Pulling Together: Muscles as Organs
Layered over the skeleton, muscles largely determine the body’s form. More than 500 muscles are large enough to be seen by the unaided eye, and thousands more are visible only through a microscope. A muscle organ has two parts:
The belly: Composed predominantly of muscle fibers
The tendon: Composed of fibrous, or collagenous, regular connective tissue. If the tendon is a flat, sheetlike structure attaching a wide muscle, it’s called an aponeurosis.
The sarcolemma of each muscle fiber is surrounded by areolar connective tissue called endomysium that binds the fibers together into bundles called fasciculi. Each bundle, or fasciculus, is surrounded by areolar connective tissue called perimysium.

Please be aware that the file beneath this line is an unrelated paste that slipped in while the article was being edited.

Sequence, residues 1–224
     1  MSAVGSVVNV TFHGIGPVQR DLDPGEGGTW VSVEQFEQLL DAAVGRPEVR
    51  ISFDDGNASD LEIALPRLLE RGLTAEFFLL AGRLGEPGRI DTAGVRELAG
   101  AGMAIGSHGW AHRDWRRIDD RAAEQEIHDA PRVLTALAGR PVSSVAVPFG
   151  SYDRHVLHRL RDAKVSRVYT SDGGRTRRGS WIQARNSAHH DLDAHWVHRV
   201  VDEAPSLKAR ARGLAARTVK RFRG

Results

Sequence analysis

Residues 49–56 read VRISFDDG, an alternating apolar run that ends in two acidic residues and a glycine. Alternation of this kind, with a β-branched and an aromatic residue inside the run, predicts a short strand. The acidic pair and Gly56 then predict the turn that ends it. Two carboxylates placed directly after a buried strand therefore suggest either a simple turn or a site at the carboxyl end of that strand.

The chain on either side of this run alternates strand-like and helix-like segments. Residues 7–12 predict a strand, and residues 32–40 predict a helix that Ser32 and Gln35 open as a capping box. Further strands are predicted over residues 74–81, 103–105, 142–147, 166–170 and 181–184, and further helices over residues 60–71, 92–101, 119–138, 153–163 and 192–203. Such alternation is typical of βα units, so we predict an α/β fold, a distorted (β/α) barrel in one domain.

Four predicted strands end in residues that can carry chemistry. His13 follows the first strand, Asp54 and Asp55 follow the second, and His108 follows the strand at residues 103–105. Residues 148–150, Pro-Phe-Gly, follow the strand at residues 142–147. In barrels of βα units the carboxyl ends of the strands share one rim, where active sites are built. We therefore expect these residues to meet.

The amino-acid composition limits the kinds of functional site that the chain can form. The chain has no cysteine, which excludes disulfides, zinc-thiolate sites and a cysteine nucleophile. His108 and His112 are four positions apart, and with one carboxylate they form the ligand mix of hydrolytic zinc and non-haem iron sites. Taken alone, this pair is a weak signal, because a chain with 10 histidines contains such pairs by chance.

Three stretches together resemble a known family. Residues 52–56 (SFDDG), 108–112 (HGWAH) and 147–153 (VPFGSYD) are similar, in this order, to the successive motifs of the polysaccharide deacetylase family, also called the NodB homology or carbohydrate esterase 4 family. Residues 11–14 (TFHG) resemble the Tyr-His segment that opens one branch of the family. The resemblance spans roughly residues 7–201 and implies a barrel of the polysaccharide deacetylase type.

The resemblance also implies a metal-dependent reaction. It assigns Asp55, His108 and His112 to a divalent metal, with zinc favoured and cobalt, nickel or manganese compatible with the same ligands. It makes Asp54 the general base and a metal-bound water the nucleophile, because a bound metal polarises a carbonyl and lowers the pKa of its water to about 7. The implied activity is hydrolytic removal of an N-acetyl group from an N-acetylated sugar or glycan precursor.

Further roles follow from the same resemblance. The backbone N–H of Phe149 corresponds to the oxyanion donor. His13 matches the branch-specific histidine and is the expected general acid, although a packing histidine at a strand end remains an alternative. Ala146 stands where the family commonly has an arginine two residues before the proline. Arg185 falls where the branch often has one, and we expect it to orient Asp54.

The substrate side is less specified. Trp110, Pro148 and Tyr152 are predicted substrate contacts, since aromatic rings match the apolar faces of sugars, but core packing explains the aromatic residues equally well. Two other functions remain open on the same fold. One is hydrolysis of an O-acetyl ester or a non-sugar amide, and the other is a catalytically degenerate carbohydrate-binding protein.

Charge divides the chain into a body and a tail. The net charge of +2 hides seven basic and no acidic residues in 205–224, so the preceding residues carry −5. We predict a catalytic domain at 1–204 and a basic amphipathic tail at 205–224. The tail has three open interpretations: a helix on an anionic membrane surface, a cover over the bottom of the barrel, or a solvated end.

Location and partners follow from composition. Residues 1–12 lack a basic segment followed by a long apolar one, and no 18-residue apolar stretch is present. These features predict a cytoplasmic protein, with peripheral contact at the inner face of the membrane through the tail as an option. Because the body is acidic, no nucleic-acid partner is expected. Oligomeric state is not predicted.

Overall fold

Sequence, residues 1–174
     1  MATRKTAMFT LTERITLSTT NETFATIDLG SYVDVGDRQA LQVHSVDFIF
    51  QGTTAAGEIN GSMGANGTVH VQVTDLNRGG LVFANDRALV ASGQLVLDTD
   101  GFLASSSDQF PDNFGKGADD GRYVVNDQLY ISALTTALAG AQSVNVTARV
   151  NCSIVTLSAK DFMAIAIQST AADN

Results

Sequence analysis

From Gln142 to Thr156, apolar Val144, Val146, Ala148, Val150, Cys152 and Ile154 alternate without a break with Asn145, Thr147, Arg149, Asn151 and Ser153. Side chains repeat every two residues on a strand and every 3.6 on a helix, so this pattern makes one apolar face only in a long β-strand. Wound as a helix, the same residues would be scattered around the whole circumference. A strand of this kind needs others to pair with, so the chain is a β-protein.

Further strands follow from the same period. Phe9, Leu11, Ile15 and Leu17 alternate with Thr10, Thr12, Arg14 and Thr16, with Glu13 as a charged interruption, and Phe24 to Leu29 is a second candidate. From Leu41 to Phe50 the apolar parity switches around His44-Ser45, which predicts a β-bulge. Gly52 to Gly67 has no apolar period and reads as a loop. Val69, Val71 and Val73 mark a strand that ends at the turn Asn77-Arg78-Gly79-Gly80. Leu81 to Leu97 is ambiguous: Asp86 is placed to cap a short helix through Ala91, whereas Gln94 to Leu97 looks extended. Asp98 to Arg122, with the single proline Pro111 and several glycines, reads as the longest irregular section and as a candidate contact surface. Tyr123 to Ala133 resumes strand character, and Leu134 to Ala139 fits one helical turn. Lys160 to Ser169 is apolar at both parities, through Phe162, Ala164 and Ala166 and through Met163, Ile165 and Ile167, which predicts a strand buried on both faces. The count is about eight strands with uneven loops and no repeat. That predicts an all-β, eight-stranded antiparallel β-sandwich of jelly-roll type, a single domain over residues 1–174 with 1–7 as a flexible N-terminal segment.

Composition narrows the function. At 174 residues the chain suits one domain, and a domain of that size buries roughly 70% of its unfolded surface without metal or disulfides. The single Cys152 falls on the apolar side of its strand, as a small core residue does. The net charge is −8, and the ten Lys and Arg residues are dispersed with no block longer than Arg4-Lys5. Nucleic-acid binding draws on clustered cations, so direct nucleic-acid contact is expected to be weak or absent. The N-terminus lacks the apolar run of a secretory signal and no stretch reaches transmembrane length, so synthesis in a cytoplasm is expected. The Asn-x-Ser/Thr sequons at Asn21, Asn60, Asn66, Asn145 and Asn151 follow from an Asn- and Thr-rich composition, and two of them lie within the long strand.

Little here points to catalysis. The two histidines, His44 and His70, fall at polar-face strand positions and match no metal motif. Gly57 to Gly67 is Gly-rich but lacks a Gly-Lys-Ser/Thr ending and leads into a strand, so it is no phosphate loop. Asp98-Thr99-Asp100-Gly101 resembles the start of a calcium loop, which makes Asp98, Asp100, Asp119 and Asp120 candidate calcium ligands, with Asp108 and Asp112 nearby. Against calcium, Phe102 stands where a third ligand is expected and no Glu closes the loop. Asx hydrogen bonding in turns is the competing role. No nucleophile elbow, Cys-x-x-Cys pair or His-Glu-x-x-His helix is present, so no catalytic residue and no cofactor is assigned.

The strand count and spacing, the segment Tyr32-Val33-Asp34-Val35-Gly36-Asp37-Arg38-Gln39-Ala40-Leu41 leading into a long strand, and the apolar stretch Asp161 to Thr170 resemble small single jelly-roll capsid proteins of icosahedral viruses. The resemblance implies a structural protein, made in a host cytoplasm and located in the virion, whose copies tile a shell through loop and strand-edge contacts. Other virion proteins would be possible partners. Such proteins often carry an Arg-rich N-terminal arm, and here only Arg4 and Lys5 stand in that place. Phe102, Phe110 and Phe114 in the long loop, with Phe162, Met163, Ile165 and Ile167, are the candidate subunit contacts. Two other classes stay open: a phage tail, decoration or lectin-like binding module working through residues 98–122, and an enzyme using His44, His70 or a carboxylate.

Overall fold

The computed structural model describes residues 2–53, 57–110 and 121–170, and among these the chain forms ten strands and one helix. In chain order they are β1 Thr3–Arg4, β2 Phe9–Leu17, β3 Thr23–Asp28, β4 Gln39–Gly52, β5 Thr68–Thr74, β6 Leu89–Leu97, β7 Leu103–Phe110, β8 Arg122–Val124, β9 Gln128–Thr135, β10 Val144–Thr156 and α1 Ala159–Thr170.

All the fasciculi together make up the belly of the muscle, which is surrounded by dense connective tissue called the epimysium. Blood vessels, lymph vessels, and nerves pass into the fasciculus through areolar connective tissue called the trabecula. These blood vessels in turn branch off into capillaries that surround the muscle fibers in the endomysium.